Hicks v. Ferreyra, Case No.: PWG-16-2521

CourtUnited States District Courts. 4th Circuit. United States District Court (Maryland)
Writing for the CourtPaul W. Grimm, United States District Judge
Citation396 F.Supp.3d 564
Parties Nathaniel HICKS, Plaintiff, v. Officer Gerald L. FERREYRA, et al., Defendants.
Docket NumberCase No.: PWG-16-2521
Decision Date10 June 2019

396 F.Supp.3d 564

Nathaniel HICKS, Plaintiff,
Officer Gerald L. FERREYRA, et al., Defendants.

Case No.: PWG-16-2521

United States District Court, D. Maryland, Southern Division.

Signed June 10, 2019

396 F.Supp.3d 569

Jennifer I. Klar, Jia Cobb, Pro Hac Vice, Yiyang Wu, John Peter Relman, Relman Dane and Colfax PLLC, Washington, DC, for Plaintiff.

Andrew C. White, Abigail E. Ticse, Edward P. Parent, Jamie Lee, Jodie Elizabeth Buchman, Silverman Thompson Slutkin and White LLC, Baltimore, MD, for Defendants.


Paul W. Grimm, United States District Judge

United States Park Police ("USPP" or "Park Police") Officer Gerald L. Ferreyra pulled over behind a parked vehicle along the side of Interstate 295 North on July 11, 2015 and, when he saw a handgun lying on the front seat, he drew his weapon. The driver, Plaintiff Nathaniel Hicks, a Secret Service agent, showed his credentials and explained that he was on assignment waiting to lead a motorcade that was approaching, and Officer Ferreyra verified that he was indeed an on-duty Secret Service agent. Yet, according to Agent Hicks, Officer Ferreyra continued to detain him unreasonably (by holding onto his credentials and weapons) after Officer Brian Phillips arrived to assist, and after the Park Police's supervisor, whom Officer Ferreyra had asked to report to the scene, arrived, and even after the motorcade passed. And, within minutes after Agent Hicks left the scene, Officer Phillips pulled him over, allegedly for driving erratically and talking on a cellular phone while driving. That second stop was brief but, in Agent Hicks's opinion, still longer than necessary, because Officer Phillips knew that he was a Secret Service agent who was not prohibited from using his phone while driving and, according to Agent Hicks, he was not driving erratically.

Agent Hicks filed suit against Officers Ferreyra and Phillips, alleging that they detained him without "probable cause or even a reasonable, articulable suspicion" twice, in violation of his Fourth Amendment rights (a claim brought pursuant to Bivens v. Six Unknown Named Agents of Fed. Bureau of Narcotics , 403 U.S. 388, 389, 397, 91 S.Ct. 1999, 29 L.Ed.2d 619 (1971) ), and did so as part of a conspiracy to "prevent[ ] him from discharging duties related to his position as a federal officer," in violation of 42 U.S.C. § 1985(1). Am. Compl. ¶¶ 1, 7–8, 13–14, 57, 65 ECF No. 49-1; see also Compl. 1, ECF No. 1. Defendants moved to dismiss or for summary judgment, on the basis of qualified immunity, with regard to the claims stemming from the first detention only. ECF No. 37. I denied the motion because it was not clear at the time that Defendants had probable cause for Plaintiff's continued detention during the first stop. Apr. 11, 2017 Mem. Op. & Order 1, ECF No. 44. Now pending is Defendants' Motion for Summary Judgment on both counts of the Amended Complaint. ECF No. 78.1 Defendants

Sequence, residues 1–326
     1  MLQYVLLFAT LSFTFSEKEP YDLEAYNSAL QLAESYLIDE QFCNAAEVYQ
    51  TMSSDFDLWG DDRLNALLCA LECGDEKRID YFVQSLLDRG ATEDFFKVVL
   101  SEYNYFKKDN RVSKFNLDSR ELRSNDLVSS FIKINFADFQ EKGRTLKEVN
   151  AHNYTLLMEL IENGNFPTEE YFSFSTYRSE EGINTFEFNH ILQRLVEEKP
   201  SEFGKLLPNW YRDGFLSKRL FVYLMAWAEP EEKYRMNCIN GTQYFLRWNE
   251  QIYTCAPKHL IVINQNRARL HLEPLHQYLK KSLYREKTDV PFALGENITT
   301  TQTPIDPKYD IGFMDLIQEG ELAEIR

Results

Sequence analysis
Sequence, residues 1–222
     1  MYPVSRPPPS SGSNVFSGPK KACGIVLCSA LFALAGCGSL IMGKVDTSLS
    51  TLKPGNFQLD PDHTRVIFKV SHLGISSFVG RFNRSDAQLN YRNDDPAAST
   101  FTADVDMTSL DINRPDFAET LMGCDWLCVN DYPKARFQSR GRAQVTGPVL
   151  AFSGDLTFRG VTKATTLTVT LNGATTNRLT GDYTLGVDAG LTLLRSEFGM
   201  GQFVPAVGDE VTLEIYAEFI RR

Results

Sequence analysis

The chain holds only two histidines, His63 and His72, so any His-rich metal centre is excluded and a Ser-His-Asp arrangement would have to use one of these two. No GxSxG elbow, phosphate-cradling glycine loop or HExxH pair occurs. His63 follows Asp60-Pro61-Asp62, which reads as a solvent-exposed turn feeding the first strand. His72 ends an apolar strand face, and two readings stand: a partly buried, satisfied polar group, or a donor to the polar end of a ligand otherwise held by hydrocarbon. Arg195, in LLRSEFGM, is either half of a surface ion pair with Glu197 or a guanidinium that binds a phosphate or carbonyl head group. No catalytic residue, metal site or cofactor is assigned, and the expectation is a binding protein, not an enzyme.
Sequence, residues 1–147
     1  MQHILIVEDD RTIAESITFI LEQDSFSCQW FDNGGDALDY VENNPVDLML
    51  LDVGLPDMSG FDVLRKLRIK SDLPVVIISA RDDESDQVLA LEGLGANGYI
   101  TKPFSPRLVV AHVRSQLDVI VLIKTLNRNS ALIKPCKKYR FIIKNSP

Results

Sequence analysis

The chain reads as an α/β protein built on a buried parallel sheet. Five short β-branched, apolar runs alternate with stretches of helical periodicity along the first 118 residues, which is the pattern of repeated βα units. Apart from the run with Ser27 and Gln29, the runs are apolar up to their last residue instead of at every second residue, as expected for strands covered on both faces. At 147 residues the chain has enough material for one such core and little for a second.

396 F.Supp.3d 570

still have not demonstrated that, based on the record before the Court when viewed in the light most favorable to Agent Hicks, they "act[ed] in objectively reasonable reliance on existing law" in either detention. See Queen v. Prince George's Cty. , 188 F. Supp. 3d 535, 541 (D. Md. 2016) (quoting Rockwell v. Mayor & City Council of Baltimore , No. RDB-13-3049, 2014 WL 949859, at *8 n.10 (D. Md. Mar. 11, 2014) ). Therefore, I once again cannot find that Defendants are entitled to qualified immunity on the Bivens claim. But, Agent Hicks has not shown that an exception to the intracorporate conspiracy doctrine applies, and consequently, he cannot prevail on his § 1985(1) civil conspiracy claims as a matter of law. Accordingly, I will grant Defendants' motion as to Count II while denying it as to Count I.


Agent Hicks sat in his government-assigned 2014 Chevrolet Impala on the shoulder of Interstate 295 North in Maryland on July 11, 2015 at approximately 6:00 a.m., waiting to lead a motorcade for then-Secretary of the U.S. Department of Homeland Security Jeh Johnson.2 Defs.' Stmt. of Facts ¶¶ 1–2, 12, 15–16, ECF No. 78-1, at 2–8; Pl.'s Opp'n 1–3. According to Hicks, his vehicle had a "police antenna[ ] on the corner of the hood" and a "strobing bar[ ] in the middle of the window above the trunk," and its strobing bar and emergency lights were illuminated. Hicks Dep. 85:15–21, 87:2–10, ECF No. 78-4.3 When Park Police Officer Ferreyra saw the vehicle, he pulled over behind it and approached the vehicle. Defs.' Stmt. of Facts ¶¶ 2–3. Seeing a handgun on the front passenger seat, Officer Ferreyra drew his weapon, after which Agent Hicks quickly identified himself, showed his credentials, and explained that he would be leading a motorcade. Id. ¶¶ 7–8, 12, 14, 16; Pl.'s Opp'n 3.